“We hear a lot of people say, ‘Oh no, you’re back again!…and we’re only here for a little while on these corners,” Bronson chuckled. “So I kind of fairly divvy out a lead…contact the leader and say, ‘Hey, I need you to send your little cookie seller…” We do a lot of good sales with the girls.”
A Sweet Deal
This season, cookie lovers can enjoy the full assortment of Girl Scout Cookies, including fan favorites such as Thin Mints®, Caramel deLites®, and Peanut Butter Patties. They can also enjoy Peanut Butter Sandwiches, Trefoils, Adventurefuls, Lemonades, Toast-Yay!, and gluten and allergen-free Caramel Chocolate Chip.
There will not be a price increase this year. They will sell for $5 per package, with the exception of the gluten and allergen-free Caramel Chocolate Chip, which will sell for $6 per package.
According to Bronson, Thin Mints have had the highest sales, “…and then Caramel Delites, and then Peanut Butter Patties,” she said. “The gluten-free Chocolate Chip has also sold very well.”
Girl Scouts set their own goals on how many boxes they want to sell, and get rewards and prizes for reaching their goals, which are listed on the back of their “Cookie Card”. The tier-structured goals and rewards program begins at 50 boxes sold.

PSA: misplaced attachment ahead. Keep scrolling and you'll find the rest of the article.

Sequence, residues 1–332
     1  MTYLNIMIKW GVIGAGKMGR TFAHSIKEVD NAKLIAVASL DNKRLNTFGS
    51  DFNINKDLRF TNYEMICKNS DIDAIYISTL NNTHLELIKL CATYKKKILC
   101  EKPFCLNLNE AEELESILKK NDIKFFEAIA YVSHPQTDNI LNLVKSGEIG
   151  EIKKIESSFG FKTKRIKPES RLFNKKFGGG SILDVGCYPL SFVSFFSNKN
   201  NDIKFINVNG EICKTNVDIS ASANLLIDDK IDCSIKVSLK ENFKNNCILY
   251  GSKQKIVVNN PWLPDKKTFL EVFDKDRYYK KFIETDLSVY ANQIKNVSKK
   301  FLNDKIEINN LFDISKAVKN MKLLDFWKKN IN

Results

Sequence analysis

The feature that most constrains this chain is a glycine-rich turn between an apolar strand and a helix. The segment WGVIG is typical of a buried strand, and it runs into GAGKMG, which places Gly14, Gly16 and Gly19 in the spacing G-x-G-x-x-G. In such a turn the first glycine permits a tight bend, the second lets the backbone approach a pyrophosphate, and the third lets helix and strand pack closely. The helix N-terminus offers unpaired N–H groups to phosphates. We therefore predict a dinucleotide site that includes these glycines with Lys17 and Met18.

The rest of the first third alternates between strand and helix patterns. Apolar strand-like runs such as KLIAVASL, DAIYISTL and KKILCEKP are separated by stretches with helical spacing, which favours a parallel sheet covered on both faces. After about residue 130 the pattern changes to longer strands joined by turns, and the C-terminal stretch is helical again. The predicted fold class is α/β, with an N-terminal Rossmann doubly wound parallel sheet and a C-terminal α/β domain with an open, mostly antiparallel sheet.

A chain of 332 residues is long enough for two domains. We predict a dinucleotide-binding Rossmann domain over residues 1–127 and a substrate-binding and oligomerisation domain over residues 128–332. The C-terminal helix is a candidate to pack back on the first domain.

The Girl Scouts of Wyoming and Montana sold over a million boxes of cookies last year. Funds raised from the cookie sales go towards their troops, their annual Girl Scout Summer camp, and a financial aid program.
“You’ve got girls that are little go-getters, so they want to sell a lot of cookies because they want to go to camp…so if a girl meets her goal of 1200 boxes, it literally pays for her camp,” Bronson said. “If a girl can’t afford to join the Girl Scouts, or if a girl can’t afford to go to Camp, we have money there that they can apply for. We don’t want any girls to ever have to miss out on these opportunities because of financial situations at home.”
Unboxing the Future: Not just about the cookies.
Bronson said that there is a lot more to the Girl Scout cookie campaign and that the program is “not just about the cookie.”